Motion Along a Curved Path


by p_o_o_k_i
Tags: curved, motion, path
p_o_o_k_i
p_o_o_k_i is offline
#1
Oct9-06, 03:41 PM
P: 4
hey guys! this question is a complete mind boggler to me =[

consider a bead of mass m that is free to move on a thin, circular wire of radius r. the bead is given an initial speed vo, and there is a coefficient of kinetic friction uk. the experiment is perfomred in a spaceraft drifting in space. Find the speed of the bead at any subsequent time t.




my work:
i'm assuming that because it's in space, it experiences a drag force? And it requires some sort of integration? And there is centripetal acceleration.
And that's all i know.

It'd be so great if I could get some help! Thanks so much in advance!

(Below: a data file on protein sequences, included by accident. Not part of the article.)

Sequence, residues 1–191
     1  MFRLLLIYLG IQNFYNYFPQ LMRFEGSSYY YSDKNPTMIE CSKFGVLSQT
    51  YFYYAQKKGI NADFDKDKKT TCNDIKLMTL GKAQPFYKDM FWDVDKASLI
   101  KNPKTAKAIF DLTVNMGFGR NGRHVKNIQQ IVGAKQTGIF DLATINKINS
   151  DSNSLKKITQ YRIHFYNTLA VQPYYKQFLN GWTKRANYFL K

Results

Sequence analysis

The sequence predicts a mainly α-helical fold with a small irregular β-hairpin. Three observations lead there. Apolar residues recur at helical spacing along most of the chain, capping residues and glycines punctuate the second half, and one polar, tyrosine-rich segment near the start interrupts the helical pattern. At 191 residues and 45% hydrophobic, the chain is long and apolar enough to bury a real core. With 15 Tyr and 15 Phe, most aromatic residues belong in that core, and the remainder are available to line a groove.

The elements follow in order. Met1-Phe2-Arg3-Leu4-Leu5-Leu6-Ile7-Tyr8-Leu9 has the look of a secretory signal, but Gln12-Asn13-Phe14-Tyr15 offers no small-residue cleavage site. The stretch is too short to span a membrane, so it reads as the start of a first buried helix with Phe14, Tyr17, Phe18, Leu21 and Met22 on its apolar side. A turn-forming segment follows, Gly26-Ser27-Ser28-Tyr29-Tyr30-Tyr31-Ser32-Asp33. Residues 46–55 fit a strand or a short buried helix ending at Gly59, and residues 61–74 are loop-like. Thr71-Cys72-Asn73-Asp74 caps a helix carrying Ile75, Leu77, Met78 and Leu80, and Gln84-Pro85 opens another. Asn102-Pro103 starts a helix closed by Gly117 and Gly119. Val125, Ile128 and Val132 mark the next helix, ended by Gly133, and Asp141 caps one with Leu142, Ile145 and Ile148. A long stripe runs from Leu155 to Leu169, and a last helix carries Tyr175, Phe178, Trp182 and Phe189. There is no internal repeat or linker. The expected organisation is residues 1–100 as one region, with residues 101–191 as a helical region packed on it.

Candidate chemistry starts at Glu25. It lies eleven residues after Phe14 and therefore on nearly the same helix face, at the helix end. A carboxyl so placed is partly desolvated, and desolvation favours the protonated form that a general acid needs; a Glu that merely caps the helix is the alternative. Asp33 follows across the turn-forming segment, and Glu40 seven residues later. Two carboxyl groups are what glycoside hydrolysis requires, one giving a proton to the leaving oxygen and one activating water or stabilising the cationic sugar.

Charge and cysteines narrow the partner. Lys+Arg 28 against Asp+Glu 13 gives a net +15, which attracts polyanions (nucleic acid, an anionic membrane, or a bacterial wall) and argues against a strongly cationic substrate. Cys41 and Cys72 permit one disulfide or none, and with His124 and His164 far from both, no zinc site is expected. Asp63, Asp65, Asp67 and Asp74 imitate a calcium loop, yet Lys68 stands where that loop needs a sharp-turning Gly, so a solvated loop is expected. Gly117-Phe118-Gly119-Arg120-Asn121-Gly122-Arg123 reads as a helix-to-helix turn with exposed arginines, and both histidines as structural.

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OlderDan
OlderDan is offline
#2
Oct9-06, 04:03 PM
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P: 3,033
Quote Quote by p_o_o_k_i
hey guys! this question is a complete mind boggler to me =[

consider a bead of mass m that is free to move on a thin, circular wire of radius r. the bead is given an initial speed vo, and there is a coefficient of kinetic friction uk. the experiment is perfomred in a spaceraft drifting in space. Find the speed of the bead at any subsequent time t.




my work:
i'm assuming that because it's in space, it experiences a drag force? And it requires some sort of integration? And there is centripetal acceleration.
And that's all i know.

It'd be so great if I could get some help! Thanks so much in advance!
The only "drag" in the problem is from the friction between the bead and the wire. The frictional force is proportional to the normal force, which is the force the wire exerts on the bead to make it follow the circular path. Since the bead slows down, that force will not be constant, so you probably will need to do some calculus.
p_o_o_k_i
p_o_o_k_i is offline
#3
Oct9-06, 05:07 PM
P: 4
thanks so much! at least now i have a idea where to start! =]


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